The great Reformer warned of both dangers: extravagance and asceticism. Both ignore the fact that it is God who gives the material things of life. This is excerpted from  Calvin’s Institutes, Book III, chapter 10 .

1. Double Danger: Mistaken Strictness and Mistaken Laxity

BY SUCH ELEMENTARY INSTRUCTION, Scripture at the same time duly informs us what is the right use of earthly benefits—a matter not to be neglected in the ordering of our life. For if we are to live, we have also to use those helps necessary for living. And we also cannot...

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30 Nov 1986

John Calvin: Recommended Resources

by the Editors | Issue 12

Reprint of Original Edition of Institutes:  Eerdmans Publishing Co. (Grand Rapids, Michigan) advises they are re-issuing the first edition of Calvin’s Institutes in book form.

Radio Drama:  Moody Broadcasting Network produced a series of radio dramas on Calvin as part of their STORIES OF GREAT CHRISTIANS program. It is available on eight audio cassettes. For information write: Moody Broadcasting Network Tape Ministry, 820 N. LaSalle Dr., Chicago, IL 60610.

Documentary Films:  E.O. Television of Holland has produced a documentary film...

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30 Nov 1986

From the Archives: On the Advantages of an Inventory of Relics

by John Calvin | Issue 12

We don’t normally look to Calvin for biting satire, but few things got him so riled as the tendency of the Church to veer from the worship of Christ. Thus, he produced a most entertaining treatise, excerpted here.

ADMONITION

IN WHICH IT IS SHOWN HOW ADVANTAGEOUS IT WOULD BE FOR CHRISTENDOM THAT THE BODIES AND RELICS OF SAINTS WERE REDUCED TO A KIND OF INVENTORY, INCLUDING THOSE WHICH ARE SAID TO EXIST, AS WELL IN ITALY AS IN FRANCE, GERMANY, SPAIN, AND OTHER COUNTRIES.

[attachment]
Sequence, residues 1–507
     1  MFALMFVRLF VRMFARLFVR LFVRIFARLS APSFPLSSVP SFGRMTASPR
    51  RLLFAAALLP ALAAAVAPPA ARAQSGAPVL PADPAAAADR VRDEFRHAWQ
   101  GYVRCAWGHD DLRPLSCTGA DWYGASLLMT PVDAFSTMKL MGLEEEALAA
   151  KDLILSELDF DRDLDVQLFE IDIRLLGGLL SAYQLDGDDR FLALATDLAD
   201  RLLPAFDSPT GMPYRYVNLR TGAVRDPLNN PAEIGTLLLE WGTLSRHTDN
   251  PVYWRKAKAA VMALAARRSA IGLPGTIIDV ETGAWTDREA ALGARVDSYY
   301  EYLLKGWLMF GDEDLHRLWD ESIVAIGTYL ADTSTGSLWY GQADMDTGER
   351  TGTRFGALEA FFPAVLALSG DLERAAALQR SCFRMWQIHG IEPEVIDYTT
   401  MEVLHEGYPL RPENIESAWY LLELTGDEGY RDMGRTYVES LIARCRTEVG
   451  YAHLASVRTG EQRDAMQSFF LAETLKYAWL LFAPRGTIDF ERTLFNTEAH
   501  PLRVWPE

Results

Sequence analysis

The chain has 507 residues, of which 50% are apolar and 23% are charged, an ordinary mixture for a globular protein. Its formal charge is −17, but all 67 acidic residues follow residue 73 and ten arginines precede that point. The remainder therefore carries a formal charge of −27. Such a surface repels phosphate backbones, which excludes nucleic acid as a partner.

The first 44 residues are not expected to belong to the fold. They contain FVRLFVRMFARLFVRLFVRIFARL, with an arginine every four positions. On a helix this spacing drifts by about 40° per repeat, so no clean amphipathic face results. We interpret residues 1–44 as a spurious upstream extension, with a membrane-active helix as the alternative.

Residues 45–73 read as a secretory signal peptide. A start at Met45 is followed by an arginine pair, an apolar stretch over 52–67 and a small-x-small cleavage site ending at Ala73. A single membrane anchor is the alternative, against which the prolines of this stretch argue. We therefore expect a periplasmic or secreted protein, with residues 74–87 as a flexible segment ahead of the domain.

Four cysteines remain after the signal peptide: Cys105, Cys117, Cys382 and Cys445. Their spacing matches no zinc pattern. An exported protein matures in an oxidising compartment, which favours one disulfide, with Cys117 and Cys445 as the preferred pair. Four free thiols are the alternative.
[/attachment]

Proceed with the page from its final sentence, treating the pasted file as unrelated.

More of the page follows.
Augustine, in his work, titled, On the Labour of Monks , complaining of...

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30 Nov 1986

From the Archives: To Luther

by John Calvin | Issue 12

Calvin was a prolific letter-writer. Reprinted below is the entire text of a letter sent to Martin Luther, by way of Philip Melanchthon; along with some of Calvin’s writings. Melanchthon never showed the letter to Luther.

Philip Melanchthon  [1497–1560] 
Despite the animosity that later existed between Lutherans and Calvinists, Melanchthon and Calvin were dear friends.

January 21, 1545

To the very excellent pastor of the Christian Church, Dr. M Luther, my much respected father.

When I saw that my French fellow-countrymen, as many of them as...

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30 Nov 1986

From the Archives: Calvin the Reluctant Recruit

by John Calvin | Issue 12

Calvin did not seek out the leadership role in Geneva; indeed, it appears he would have much preferred to avoid it. The first selection below is taken from his preface to the commentary on the Psalms. The second selection refers to his return to Geneva for the second period and is found in a letter to Farel.

Whenever I call to mind the wretchedness of my life there, how can it not be but that my very soul must shudder at any proposal for my return? I will not mention the anxiety by which we were continually tossed up and down and driven to...

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30 Nov 1986

The Servetus Affair

by the Editors | Issue 12

Michael Servetus (1511–1553)

THERE WAS ONE TRAGIC EVENT during Calvin’s tenure in Geneva which brought him not only heartache, but also condemnation. If Calvin is remembered for anything beyond his doctrine of predestination, it was his part in the trial of Michael Servetus. No one should excuse Calvin for consenting to the execution of this confessed heretic, but one should understand that men of the sixteenth century viewed blasphemy as a capital offense. This was no less true of Catholics than of Protestants.

Servetus had been condemned...

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30 Nov 1986

John Calvin: One of the Fathers of Modern Democracy

by W. Stanford Reid | Issue 12